Everything else being equal, it looks like the best time to release the news during the next ten days would be Thursday the 27th, but that's Thanksgiving, and .... nah.  Not then.  It'd be a good day to do it, though.  High temps of 30 degrees with a low of 21 degrees.  That's chilly protesting weather, much less rioting weather.
5
The Black Hole / Re: Ferguson /St. Louis disaster emergency
« Last post by Drang on November 20, 2014, 04:23:10 AM »
Quote from: Flight-ER-Doc on November 19, 2014, 08:00:43 AM
Command and control units start planning and distributing things like road march orders, etc.
If they didn't have the plans already drawn up a week ago they need to be relieved.
(Not necessarily "finalized", but ready to plug in last minute details like schedules, etc.)

Quote from: Flight-ER-Doc on November 19, 2014, 08:00:43 AM
For non military resources, a declaration of emergency does things like activates conditional purchase orders for renting specialized equipment (and specialized equipment is always rented, never purchased for various arcane funding reasons), resources are identified (like, where to house/feed everyone, where to get fuel, etc).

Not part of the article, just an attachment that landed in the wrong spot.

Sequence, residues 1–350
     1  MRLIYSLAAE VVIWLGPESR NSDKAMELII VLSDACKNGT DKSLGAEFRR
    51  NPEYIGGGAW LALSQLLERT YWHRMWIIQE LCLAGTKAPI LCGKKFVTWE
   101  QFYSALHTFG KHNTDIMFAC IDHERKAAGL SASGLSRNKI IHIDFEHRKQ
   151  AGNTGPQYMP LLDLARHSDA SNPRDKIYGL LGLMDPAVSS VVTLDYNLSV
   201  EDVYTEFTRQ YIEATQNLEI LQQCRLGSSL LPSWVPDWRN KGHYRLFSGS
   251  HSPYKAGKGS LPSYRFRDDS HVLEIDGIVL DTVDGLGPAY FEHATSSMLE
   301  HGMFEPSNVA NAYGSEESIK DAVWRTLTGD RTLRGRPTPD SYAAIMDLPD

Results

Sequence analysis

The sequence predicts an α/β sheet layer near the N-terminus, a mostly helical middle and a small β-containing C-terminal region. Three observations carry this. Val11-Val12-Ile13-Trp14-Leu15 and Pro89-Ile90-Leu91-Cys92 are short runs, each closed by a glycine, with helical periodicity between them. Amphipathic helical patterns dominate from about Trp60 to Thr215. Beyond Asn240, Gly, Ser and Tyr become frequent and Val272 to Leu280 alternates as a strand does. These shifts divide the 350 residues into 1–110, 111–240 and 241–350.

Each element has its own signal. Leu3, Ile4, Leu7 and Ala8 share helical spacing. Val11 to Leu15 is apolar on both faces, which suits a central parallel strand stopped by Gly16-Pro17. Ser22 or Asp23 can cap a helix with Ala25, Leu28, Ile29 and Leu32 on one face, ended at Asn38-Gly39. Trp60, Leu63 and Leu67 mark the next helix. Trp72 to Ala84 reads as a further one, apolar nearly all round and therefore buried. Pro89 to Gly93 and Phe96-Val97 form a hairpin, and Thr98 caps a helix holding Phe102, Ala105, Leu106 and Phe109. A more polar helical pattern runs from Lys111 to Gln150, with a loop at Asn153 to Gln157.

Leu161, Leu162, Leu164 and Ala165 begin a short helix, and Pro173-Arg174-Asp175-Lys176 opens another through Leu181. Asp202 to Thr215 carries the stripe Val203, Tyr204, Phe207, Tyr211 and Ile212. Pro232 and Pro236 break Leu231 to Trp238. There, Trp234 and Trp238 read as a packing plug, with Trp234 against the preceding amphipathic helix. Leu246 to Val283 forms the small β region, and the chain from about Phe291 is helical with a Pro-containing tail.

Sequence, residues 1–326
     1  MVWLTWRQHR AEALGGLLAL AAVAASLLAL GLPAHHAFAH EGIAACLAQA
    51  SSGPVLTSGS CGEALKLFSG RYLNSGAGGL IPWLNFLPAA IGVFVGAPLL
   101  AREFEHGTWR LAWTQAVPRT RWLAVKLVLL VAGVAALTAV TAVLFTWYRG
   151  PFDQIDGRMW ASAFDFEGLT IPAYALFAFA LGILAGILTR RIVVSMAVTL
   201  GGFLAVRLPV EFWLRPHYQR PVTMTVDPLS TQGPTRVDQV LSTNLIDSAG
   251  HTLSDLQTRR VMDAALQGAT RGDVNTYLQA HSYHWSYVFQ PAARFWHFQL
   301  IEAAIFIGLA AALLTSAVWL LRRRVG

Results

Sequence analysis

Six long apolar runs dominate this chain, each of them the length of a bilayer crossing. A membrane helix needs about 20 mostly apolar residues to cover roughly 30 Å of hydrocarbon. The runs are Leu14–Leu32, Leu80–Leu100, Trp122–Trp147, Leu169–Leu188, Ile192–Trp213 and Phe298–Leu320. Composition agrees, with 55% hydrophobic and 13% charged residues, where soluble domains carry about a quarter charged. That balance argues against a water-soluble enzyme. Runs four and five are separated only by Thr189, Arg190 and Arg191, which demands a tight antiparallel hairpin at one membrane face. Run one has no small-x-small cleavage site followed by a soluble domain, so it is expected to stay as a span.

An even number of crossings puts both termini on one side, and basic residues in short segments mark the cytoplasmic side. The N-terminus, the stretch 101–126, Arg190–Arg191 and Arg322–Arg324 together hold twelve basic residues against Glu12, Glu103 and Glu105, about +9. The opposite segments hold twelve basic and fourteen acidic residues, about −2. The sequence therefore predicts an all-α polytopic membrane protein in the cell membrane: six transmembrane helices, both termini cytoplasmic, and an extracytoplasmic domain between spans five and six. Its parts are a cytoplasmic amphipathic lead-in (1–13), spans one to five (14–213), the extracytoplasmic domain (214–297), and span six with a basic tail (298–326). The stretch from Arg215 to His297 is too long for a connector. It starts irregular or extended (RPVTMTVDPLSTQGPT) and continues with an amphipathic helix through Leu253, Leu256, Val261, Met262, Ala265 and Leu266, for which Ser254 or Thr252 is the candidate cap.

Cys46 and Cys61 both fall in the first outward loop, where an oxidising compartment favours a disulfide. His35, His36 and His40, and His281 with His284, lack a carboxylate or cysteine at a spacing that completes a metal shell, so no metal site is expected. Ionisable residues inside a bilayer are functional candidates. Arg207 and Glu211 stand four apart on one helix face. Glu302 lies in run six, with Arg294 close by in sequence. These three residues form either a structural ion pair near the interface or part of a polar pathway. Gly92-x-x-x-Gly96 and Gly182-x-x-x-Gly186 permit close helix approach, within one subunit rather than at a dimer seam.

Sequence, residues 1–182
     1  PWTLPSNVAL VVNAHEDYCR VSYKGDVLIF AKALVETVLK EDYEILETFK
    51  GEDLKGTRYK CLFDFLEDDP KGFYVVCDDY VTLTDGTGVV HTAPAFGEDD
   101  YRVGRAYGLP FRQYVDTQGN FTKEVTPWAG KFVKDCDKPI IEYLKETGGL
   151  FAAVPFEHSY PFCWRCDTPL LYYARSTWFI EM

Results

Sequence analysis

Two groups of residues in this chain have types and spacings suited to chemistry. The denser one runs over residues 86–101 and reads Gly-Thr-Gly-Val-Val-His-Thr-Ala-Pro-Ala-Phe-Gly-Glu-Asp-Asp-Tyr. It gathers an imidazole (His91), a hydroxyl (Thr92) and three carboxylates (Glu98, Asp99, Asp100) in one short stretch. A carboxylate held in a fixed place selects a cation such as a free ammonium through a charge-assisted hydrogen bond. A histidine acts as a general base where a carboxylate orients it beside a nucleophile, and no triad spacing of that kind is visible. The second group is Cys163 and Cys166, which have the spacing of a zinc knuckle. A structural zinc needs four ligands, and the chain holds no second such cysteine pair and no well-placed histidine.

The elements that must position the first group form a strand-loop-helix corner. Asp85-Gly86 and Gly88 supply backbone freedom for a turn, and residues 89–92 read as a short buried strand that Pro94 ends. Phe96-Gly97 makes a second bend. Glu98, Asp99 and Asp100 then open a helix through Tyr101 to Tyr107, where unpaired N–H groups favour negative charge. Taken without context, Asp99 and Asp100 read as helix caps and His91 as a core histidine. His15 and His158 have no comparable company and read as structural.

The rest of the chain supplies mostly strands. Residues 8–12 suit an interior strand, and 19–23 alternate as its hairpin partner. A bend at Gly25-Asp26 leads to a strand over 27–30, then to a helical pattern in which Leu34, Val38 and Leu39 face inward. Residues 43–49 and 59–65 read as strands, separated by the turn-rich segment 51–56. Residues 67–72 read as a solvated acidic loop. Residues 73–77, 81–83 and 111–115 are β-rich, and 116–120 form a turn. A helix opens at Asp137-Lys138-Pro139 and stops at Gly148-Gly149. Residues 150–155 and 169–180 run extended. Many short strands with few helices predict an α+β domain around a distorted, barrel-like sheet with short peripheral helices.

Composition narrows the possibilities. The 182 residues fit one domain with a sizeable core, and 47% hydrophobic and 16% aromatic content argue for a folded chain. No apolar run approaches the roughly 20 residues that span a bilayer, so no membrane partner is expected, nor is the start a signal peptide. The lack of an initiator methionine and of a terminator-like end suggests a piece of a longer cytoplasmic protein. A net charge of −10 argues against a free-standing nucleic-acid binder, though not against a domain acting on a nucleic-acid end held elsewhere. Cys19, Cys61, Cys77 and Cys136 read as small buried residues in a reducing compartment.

Depending on the nature of the disaster -- and I'm not sure where "civil unrest" falls in -- declaring a disaster you know is coming before it hits also frees up Federal assistance and may activate mutual aid agreements with other jurisdictions. Part of why Louisiana's response to Katrina was such a disaster in and of itself is that Governor Blanco refused to declare the disaster everyone told her was coming in advance. (W actually used the phrase "deer in the headlights" to describe her as he was, in his own words, "pleading with her" to make the declaration before landfall.)

We'll let Bill speculate as to how the President feels about Federal aid to state, county, and municipal governments in this case on Daily Pundit...  ;)
6
Ammo / Re: National Ammo Day/Week 2014
« Last post by AuricTech on November 19, 2014, 07:16:02 PM »
I commemorated the actual National Ammo Day on my way home from work this evening by picking up a 150-round box of Federal 62-grain 5.56x45mm XM855 ammo from a local gun store (Trail Boss, for those who are familiar with Sorry Vista).  The price tag on the box was $85.65, but I received the military discount, giving a pre-tax price of $78.17 and a price with tax of $84.31.

Tomorrow, I'm selling a 500-round brick of Peters 40-grain high-velocity lead round-nose .22LR ammo to a co-worker.  The price tag on the box is $19.99 (I bought it circa 2010); I'm selling it to my co-worker for $25.  While I could probably get much more for the brick, my co-worker has boys at home who will soon be ready to be initiated into the shooting sports.